by Rajeev Sharma


by Rajeev Sharma


The BRICS NSAs have met on the sidelines of each summit. Russia hosted a formal meeting of BRIC NSAs in May 2009, when South Africa had not then been included in the grouping, to discuss the security implications of the global financial and economic crisis.

The New Delhi meeting will be the fourth meeting of BRIC NSAs, but the first time they will hold a structured meeting of the grouping.

The meeting will discuss the major international security-related issues that would come up for the five nations’ top leadership during the fifth BRICS summit in Durban, South Africa, in March. The Durban summit will provide the very first opportunity for Indian Prime Minister Manmohan Singh to interact with the new Communist Party of China leader Xi Jinping on the meeting’s sidelines.

Two burning contemporary hot spots will come under the scanner of the BRICS NSAs during their upcoming meeting in New Delhi: the situation in Syria and the developments over sanctions-hit Iran. China and Russia have proactively batted for both Syria and Iran.

The meeting will also have a sharp focus on subjects like the situation in the Middle East and cyber-security, the latter being a major area of interest for the international community in general and BRICS in particular.

The upcoming event will be of special interest for China and India. There will be significant takeaways for China-India bilateral relations from the meeting as the Chinese point man Dai Bingguo, China’s longest-serving chief negotiator on security-related issues as well as the most important designated Chinese official for the vexed boundary dispute with India, is expected to hold crucial bilateral meetings with the Indian top brass.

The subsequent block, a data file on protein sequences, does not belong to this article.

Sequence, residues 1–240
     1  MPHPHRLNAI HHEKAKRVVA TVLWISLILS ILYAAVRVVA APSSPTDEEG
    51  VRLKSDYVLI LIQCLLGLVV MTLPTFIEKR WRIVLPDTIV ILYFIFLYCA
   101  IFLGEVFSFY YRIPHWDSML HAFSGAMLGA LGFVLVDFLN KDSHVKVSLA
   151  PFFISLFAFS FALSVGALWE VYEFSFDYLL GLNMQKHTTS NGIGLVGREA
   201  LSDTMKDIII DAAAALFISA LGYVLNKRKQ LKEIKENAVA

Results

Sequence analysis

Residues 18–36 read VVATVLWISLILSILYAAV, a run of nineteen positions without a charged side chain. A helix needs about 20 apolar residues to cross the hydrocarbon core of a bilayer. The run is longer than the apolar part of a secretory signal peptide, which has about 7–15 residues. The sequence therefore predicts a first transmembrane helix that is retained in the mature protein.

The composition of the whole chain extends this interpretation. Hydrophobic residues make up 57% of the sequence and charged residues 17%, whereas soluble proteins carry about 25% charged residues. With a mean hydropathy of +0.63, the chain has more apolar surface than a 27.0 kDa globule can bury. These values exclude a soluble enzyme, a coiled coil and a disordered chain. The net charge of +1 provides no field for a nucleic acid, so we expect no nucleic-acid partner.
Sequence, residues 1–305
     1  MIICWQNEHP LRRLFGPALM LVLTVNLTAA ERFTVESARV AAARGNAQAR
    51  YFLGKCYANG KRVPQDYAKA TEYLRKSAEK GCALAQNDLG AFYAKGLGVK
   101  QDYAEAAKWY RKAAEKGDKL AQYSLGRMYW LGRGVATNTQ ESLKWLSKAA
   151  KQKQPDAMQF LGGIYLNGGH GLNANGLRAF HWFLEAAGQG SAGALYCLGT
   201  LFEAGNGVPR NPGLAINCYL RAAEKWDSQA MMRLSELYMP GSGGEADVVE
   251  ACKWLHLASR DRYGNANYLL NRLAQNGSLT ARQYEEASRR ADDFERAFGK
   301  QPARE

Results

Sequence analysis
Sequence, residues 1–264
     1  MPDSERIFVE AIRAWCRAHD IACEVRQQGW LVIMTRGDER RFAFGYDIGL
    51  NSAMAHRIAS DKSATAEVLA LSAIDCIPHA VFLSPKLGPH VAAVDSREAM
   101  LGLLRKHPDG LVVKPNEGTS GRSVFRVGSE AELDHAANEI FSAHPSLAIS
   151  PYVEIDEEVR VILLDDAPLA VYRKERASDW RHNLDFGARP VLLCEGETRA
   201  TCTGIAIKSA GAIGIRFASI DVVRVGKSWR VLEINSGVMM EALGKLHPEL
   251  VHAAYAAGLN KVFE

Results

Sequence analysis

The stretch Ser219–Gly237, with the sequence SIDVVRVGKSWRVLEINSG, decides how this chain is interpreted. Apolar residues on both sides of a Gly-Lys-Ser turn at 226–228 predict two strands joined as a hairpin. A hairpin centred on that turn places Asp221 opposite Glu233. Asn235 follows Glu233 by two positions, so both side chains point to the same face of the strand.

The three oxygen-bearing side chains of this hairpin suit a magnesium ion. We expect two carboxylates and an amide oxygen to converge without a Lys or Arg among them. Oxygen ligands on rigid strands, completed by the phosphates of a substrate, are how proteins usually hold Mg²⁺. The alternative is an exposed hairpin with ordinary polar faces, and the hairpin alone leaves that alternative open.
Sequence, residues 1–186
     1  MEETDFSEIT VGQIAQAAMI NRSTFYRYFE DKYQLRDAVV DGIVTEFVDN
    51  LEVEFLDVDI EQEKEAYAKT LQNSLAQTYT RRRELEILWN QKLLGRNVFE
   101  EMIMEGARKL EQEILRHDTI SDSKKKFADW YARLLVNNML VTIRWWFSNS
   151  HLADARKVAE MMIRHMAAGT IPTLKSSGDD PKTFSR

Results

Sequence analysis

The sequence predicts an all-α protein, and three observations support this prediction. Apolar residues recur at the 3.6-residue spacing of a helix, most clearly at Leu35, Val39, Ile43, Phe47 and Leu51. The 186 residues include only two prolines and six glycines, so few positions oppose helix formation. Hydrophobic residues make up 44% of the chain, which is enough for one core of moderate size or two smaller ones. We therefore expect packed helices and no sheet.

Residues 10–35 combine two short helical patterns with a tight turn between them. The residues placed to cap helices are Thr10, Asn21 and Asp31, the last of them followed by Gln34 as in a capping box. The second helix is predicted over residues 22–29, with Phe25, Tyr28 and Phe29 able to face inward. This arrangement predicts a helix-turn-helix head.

This will also be Dai’s farewell visit to India, as he signs off after a decade of engagement with his Indian interlocutors. During this period, Dai has been the unchanged Chinese chief negotiator on all security-related and Sino-Indian boundary dispute issues, while his Indian counterparts kept changing. Dai has interacted with the first Indian NSA Brajesh Mishra, followed by JN Dixit, MK Narayanan and the present NSA Shivshankar Menon.

Indian diplomatic sources said Dai would be given a fitting farewell as he is likely to have meetings with the top Indian political leadership, including External Affairs Minister Salman Khurshid and possibly Prime Minister Manmohan Singh himself. However, the Indian government is yet to confirm these meetings.

Dai, the Chinese Special Representative (SR) designated for the Sino-Indian boundary dispute talks, met his Indian counterpart Shivshankar Menon in Beijing just about a month ago where a host of issues were discussed by the two senior officials.

India and China have thus far held 15 rounds of SR-level talks on the boundary dispute. Menon had observed after his talks with Dai in Beijing in December 2012 that they had discussed common grounds that had been reached on the boundary question and the broad understanding reached thus far.

The broad contours of this understanding have not been revealed by either side. But straws in the wind suggest that this understanding relates to divergent views expressed by the two sides on boundary issues.

Significantly, the year just gone by has been the year when India and China had the least problems, though the two sides witnessed numerous flashpoints of divergences. However, much to their credit, India and China have continued to build on convergences and minimize divergences. This is also the way forward for the future.


The article was first published on 9 January 13 by Global Times

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